NY’s Tappan Zee Bridge ‘will be publicly financed’

A senior executive at the New York State Thruway Authority cast doubt on plans to privately finance the $5.2bn bridge rebuild, pointing out that ‘at this moment in time, we don’t have the legal or statutory allowance in New York State to do public-private partnerships”.

Thomas Madison, the newly confirmed executive director of the New York State Thruway Authority, a transport agency, poured cold water on state governor Andrew Cuomo’s hopes to form a public-private partnership (PPP) for the $5.2 billion reconstruction of the Tappan Zee Bridge.

Madison, who was nominated by governor Cuomo for the position in August, told a Senate confirmation hearing held on January 9:

“At this moment in time, we don’t have the legal or statutory allowance in New York State to do PPPs as they are typically defined in transportation projects. So right now, the plan is that the Tappan Zee Bridge will be a publicly financed project,” Madison said.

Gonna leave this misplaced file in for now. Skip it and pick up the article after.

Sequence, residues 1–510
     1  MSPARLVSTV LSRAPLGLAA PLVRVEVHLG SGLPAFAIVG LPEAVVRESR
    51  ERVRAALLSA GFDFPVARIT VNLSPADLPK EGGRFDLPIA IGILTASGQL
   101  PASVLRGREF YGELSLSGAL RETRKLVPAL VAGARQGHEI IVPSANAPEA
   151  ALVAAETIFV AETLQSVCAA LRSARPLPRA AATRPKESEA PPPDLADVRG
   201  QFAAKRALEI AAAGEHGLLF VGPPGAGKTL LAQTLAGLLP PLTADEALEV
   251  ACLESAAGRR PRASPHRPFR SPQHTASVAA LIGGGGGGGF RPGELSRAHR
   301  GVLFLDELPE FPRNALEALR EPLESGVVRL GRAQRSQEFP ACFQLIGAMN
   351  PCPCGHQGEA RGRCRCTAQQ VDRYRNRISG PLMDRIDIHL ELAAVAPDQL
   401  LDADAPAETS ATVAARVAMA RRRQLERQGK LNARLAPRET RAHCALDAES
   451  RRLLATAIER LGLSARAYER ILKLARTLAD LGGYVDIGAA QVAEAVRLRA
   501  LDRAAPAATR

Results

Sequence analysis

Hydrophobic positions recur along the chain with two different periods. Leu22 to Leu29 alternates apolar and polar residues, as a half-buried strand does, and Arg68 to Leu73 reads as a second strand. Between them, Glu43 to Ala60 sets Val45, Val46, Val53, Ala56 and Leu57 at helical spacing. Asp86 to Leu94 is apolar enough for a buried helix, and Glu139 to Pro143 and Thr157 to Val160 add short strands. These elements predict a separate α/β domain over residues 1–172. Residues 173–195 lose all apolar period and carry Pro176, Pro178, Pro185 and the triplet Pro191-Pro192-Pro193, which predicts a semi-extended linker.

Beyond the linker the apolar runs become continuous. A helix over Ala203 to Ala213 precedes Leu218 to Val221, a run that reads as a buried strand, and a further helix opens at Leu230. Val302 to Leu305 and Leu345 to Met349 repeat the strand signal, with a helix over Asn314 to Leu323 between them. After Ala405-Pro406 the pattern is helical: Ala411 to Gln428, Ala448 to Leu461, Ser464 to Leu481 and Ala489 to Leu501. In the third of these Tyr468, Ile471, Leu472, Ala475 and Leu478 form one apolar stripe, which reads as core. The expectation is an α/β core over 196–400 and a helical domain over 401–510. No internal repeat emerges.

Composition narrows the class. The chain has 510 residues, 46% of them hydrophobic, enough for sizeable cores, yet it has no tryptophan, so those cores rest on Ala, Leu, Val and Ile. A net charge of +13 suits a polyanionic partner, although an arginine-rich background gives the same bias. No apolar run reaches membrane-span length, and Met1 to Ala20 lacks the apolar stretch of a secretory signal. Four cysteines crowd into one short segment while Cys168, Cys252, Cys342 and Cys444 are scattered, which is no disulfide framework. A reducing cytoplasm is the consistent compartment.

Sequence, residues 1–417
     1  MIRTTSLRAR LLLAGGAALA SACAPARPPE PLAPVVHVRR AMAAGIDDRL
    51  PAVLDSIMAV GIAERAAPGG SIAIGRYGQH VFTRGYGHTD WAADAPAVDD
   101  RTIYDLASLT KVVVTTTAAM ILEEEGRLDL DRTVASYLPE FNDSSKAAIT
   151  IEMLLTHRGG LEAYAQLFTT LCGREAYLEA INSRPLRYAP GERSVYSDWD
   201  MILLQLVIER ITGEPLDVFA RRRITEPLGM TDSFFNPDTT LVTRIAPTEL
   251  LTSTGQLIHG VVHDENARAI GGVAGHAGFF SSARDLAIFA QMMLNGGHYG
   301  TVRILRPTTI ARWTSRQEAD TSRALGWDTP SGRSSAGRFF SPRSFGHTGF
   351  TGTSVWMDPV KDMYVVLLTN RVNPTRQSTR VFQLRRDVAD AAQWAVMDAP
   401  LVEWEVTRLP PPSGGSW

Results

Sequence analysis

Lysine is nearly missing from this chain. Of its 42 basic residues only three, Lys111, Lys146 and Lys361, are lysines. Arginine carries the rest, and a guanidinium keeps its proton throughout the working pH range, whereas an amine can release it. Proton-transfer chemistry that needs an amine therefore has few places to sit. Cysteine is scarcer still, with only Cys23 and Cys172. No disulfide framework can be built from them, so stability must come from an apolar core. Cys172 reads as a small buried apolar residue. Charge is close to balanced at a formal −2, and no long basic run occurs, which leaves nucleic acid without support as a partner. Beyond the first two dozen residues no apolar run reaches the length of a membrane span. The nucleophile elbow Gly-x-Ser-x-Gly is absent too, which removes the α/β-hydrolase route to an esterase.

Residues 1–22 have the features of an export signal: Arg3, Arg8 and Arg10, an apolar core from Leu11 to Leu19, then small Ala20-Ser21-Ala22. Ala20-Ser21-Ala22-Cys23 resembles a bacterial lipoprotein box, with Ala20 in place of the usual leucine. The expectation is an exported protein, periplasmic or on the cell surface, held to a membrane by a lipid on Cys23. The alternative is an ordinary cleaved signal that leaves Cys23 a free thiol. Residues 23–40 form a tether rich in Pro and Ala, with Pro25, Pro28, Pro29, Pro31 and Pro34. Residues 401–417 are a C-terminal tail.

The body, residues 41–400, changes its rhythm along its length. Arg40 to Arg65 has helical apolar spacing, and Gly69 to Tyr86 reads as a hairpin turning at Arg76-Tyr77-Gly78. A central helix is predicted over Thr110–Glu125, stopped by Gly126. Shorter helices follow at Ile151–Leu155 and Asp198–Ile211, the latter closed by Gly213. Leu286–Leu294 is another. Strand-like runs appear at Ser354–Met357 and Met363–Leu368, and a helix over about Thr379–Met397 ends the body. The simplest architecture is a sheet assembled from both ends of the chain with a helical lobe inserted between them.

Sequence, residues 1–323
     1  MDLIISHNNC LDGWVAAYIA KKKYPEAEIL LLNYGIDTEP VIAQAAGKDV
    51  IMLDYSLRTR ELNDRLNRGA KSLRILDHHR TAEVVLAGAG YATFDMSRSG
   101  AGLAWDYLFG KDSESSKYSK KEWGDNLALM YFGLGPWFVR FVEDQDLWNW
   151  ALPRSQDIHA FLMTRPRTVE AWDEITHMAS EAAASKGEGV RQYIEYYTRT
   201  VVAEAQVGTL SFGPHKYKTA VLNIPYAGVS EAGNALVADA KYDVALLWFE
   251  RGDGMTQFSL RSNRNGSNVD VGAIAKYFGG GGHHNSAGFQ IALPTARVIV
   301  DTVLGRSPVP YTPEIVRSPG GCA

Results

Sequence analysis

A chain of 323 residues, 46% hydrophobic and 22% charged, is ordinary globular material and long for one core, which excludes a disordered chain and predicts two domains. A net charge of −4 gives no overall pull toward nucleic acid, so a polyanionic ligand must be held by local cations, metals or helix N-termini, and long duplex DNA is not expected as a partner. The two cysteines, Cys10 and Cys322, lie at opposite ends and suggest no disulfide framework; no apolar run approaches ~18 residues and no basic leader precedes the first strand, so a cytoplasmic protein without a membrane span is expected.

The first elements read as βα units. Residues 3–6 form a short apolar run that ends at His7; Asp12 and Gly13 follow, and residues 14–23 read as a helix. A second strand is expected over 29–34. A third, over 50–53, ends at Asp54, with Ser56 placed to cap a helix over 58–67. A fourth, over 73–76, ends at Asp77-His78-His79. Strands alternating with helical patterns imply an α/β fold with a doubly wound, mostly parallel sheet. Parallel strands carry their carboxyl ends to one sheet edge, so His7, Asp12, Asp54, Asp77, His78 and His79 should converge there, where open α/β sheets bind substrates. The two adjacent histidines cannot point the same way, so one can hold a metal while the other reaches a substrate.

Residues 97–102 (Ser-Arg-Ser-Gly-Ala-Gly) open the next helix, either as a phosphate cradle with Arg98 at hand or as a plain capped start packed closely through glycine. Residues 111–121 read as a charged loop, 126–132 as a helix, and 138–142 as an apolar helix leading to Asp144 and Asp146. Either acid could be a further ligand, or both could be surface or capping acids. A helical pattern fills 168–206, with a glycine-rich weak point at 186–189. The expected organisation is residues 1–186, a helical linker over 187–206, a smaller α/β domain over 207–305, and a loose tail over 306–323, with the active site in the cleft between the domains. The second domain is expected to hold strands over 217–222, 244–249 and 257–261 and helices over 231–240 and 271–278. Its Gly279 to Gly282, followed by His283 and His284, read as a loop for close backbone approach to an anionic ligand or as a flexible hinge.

Nonetheless, Madison, a former Federal Highway Administrator at the US Department of Transportation who also boasts deep private sector experience, is committed to keeping New York economically competitive. 

“As funding becomes more constrained and construction grows more expensive, we must also rethink the traditional methods that we use to finance and deliver projects,” he said at the hearings.

Earlier this month, Governor Cuomo outlined a $15 billion infrastructure plan for the state of New York, a blueprint that addressed the rebuild of the landmark bridge.